Thank you Chuck. Back in the early 70' when I first started working for Div. 1 with Greg X. and I had several sets of heads out there I ALWAYS got Greg to check the heads that I had done for guys. Like Dick Estivez, Jim Morgan, and others so there was no whining going on. When I started with IHRA it was just me until I taught a few guys what to look for like the late Hank Blakenship and a any others who was interested to learn. Some names escape me now as age has not be kind to me. It was time consuming to say the least but I had been doing cylinder heads at home since 1969 when I got out of the Army and started racing my 1969 Corvette 300 HP Coupe in H/S which is F/S today. I have probably forgot most I learned from good and dedicated guys like Greg X. who taught me how to check stocker cam shafts when we used to check duration and overlap. Todays stocker is more Super Stocker than yesterdays Super Stock.
My first teardown at a national event was conducted by Marty B. and Greg X. It wasn't for several years and a few teardowns later that I realized how special that experience had been. Brings back memories of the old masking tape duration/overlap checking procedure and a few other cold chills even on a warm summer day. Especially, I was glad that neither of those guys had decided to sit on the fender of my '57 Corvette.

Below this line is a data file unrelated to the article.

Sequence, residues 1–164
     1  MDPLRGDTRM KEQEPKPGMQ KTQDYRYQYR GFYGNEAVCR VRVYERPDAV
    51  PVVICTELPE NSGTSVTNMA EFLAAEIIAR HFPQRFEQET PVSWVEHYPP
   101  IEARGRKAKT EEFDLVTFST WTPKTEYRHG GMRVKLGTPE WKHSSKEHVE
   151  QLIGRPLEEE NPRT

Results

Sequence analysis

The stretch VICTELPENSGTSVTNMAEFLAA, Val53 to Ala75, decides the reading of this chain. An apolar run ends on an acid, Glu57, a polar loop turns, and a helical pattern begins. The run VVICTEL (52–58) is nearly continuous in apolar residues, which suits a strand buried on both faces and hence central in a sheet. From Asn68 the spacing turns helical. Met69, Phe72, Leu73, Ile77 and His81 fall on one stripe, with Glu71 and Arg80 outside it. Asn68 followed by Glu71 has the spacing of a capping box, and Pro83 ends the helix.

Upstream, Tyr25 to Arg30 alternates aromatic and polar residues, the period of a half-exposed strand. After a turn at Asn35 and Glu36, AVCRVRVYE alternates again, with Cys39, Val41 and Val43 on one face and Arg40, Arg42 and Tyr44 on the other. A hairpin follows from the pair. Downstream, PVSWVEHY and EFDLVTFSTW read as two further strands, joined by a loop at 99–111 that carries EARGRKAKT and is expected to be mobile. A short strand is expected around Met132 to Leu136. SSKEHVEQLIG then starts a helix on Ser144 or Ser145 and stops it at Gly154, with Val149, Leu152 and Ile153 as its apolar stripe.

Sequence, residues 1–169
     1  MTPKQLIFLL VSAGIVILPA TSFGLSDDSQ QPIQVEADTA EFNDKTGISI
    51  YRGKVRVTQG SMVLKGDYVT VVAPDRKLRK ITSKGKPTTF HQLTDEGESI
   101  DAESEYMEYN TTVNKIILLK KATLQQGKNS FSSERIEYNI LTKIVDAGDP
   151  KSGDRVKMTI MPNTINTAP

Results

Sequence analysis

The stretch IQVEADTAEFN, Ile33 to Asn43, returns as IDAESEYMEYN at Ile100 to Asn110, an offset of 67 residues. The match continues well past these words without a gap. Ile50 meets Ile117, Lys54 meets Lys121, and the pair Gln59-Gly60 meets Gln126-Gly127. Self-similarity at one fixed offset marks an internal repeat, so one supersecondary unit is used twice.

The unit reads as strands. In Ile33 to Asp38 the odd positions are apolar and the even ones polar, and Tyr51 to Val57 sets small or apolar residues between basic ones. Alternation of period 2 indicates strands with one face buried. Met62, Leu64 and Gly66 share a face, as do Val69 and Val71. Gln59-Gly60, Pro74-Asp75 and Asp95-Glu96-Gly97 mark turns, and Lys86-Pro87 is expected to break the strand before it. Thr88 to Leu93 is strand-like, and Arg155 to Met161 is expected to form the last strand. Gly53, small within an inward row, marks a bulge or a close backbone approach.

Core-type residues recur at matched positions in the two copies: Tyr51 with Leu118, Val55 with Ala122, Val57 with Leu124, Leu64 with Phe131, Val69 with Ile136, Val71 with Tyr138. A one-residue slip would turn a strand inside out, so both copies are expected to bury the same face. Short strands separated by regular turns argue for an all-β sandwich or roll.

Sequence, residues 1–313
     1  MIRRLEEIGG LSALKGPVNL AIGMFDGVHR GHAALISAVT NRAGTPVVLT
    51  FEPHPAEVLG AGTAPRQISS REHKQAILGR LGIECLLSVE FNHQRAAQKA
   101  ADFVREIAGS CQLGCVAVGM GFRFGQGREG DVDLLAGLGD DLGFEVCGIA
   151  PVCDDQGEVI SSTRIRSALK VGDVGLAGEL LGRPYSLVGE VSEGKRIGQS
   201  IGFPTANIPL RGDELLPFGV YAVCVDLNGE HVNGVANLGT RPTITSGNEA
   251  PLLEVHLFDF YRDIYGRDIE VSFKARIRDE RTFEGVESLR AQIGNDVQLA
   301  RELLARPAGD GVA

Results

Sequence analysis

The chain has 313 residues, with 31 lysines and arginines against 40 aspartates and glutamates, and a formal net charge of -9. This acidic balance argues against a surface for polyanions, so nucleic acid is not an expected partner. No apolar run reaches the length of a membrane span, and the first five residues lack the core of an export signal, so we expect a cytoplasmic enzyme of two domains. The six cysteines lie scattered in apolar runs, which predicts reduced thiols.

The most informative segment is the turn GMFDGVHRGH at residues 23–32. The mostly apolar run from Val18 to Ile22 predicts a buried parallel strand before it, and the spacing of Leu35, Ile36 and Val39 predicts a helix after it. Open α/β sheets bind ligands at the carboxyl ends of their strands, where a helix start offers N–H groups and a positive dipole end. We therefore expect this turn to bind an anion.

Stay healthy down there, big guy!
So far so good no Coronavirus here. My wife and myself were able to get out and go to a good steak house yesterday and it was not crowded ! Lots of places were open. This area I'm in there seems to be less of that Chinese flue floating around. Marty Barrett of Div. 3 was a name I was having a hard time to remember for a moment. Guys like Marty and Greg along with the late Div. 2 tech director who passed away from cancer (Bad day for me at remembering names) were what made NHRA great during that time frame. I remember seeing Marty test the front springs on a lot of cars.....LOL. Take care.